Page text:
This hoopla has created some problems: (l) Recent Art History (one to six months) is becoming too large a portion of any artist's premise. Artist Z is doing a wrinkle on artist Y wo moved a half a step from X who sifted through the remains of Artist W who stole the idea in the first from Artist... "The basic substance of Art has become the protracted discourse in words and materials echoed back and forth from artist to artist, work to work, art movement to art movement on all aspects of contemporary civilization and of theplace of creation and the individual in it" (Harold Rosenberg). That is another way of justifying a highly developed in-game in which only the full time openings-goer and artmag reader wil be able to unravel a piece of work. In the process, (a) most aspects of contemporary civilization are NOT being dealt with, just the arty parts, (b)the place of creation within a Mainstream context is very irrelevant to whatever pieces are birthed outside of NY (work in Alamagordo and Abilene resemble each other and are indistinguishable from Big Apple Art), and (c) individuals are surely the least identifiable commodity in today's corporate art.
(2) Mainstream artists have a decided lack of humor. The option of making art is combined with the ludicrous spectacle of setting one's self up to pontificate at the outset. By Seventies rules we are asked to accept everyone's premise and work without disclaimer or comment, or even a laugh. Mainstream art criticism has mostly dropped to a position of intellectual PR puffery, benign description, or playing the stratosphere game of art history stud books. When last have we seen the statement (in effect): "Well, folks, he gave his all but this stuff is really crap!"?
(3) Youth is getting too much play. The hordes of prodigies groomed for stardom suggest, at worst, cynical doings in the back rooms where power and investment brokers are using young people to promote a "hotshot of the season" phenomenon for their own self-serving interests, or at best, Summer jobs in the art schools.
The Mainstream option has created a sameness of intent across the country, an over-reliance on litany and supporting documentation, and a stultification of critical values. There is an overabundant careerist ethic slopping out of most work, an implied conspiracy to never call the game for what it is, and a clogging of communications between dueling egos over who has done it first, purer, faster, cooler, etc. So, sucking the Mainstream does the job for getting some sort of art out, it is also a way to make art that looks just like the Mainstream. It is the most expedient way to assume legitimacy in the boondocks, but the catch is, one must move to the Big Apple to be serious about the issues raised in the work itself. No artscout from Leo Castelli is going to blow into North Platte and discover a guy just out of Iowa U doing conceptual pieces with manhole covers on Main Street. But here we have all sorts of people pitching this warped game in Dubuque, Portland, Sand Diego and St. Paul, and with not a chance in hell of having the work penetrate further than a mini-hop from the original cut-out recipe (Sears #341156): the most it can do is blow the minds of the local figger painter, abstrack gang.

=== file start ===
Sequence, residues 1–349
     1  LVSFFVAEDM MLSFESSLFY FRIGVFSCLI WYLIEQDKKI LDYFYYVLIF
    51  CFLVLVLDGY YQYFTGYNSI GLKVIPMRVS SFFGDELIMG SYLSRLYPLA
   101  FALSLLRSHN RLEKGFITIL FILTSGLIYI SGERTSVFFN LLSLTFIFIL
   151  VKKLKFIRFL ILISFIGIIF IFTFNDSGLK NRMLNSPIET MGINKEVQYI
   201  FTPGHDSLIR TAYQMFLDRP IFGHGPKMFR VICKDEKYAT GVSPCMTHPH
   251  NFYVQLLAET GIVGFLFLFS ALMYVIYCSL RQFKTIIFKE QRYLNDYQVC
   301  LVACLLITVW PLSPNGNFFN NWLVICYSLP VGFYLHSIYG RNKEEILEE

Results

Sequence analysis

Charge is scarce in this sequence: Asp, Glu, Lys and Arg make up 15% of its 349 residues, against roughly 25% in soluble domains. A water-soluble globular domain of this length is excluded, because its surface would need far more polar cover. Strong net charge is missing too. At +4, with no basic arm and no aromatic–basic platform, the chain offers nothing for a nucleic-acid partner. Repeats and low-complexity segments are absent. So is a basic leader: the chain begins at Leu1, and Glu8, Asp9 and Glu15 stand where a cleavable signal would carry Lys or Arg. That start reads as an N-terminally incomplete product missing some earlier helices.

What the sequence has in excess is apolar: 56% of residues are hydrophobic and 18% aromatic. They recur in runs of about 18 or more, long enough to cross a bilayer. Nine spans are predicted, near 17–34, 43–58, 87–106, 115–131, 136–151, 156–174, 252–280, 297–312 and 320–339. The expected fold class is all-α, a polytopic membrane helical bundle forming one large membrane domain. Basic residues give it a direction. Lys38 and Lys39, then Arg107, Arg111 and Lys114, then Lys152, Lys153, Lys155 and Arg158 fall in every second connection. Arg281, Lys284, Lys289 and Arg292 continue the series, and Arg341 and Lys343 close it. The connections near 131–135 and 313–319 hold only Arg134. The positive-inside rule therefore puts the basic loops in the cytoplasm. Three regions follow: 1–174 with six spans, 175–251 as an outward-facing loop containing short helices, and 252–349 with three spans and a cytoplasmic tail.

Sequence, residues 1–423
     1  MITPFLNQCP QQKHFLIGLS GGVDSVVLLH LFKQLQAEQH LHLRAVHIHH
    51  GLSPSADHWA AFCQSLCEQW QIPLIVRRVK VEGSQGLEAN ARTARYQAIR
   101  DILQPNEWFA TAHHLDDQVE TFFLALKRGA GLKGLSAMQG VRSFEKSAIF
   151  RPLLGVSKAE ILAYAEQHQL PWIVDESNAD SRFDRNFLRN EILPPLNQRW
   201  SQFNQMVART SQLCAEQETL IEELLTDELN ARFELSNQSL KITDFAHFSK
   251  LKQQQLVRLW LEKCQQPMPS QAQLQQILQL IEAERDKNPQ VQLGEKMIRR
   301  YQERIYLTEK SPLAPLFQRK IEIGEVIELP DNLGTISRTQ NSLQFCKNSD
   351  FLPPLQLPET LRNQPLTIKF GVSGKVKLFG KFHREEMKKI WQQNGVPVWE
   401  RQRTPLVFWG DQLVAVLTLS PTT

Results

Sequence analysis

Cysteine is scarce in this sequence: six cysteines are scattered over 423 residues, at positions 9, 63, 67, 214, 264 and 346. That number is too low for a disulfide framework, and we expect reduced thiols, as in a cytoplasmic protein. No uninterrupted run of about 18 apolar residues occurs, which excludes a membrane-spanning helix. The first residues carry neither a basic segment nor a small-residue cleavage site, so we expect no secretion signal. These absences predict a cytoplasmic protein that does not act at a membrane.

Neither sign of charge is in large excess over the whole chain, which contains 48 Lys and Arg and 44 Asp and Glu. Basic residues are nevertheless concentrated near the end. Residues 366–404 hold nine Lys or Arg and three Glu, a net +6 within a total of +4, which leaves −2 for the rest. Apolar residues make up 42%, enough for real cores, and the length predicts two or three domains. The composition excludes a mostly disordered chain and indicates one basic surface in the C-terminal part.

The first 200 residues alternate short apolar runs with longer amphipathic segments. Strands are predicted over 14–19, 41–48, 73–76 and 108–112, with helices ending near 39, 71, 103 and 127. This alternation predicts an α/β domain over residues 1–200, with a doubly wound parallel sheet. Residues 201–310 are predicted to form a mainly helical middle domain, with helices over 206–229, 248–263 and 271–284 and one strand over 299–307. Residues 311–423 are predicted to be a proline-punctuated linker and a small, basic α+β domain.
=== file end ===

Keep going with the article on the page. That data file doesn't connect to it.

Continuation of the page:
This work is never going to be much good. The artist is doomed to a lifetime of reading artmags, eating his heart out, taking the occasional trip east, and anguishing over failure to get into the regional open. Well, what else IS available?
Sam Francis, Charles Biederman, Mark Tobey, Morris Louis, John Altoon, Emerson Woelffer, Richard Hunt, Richard Diebenkorn...artists who are the exception, have developed within MA contexts outside of New York. They represent the case that one can pull it off: it should be noted that they are also very strong individualists. Is it possible to play the game and not be in New York today and come up with anything of substance?
H.C. Westermann, Edwar Hopper, Bruce Connor, David Park, Thomas Hart Benton, Ed Kienholz, Ivan Albright, Ed Ruscha, Peter Voulkos...all represent (a) work of great richness and variety, (b) being descriptive of the time and influences on them while operational, (c)giving a legacy;; to their culture instead of succombing to its siren calls. Listing a few artists does not a case for regionalism or indiviualist work make; it does indicate that true believers have been able to accomplish an end-around aesthetically and politically, and implies that the ground is ripe for those willing to risk the wrath of the system.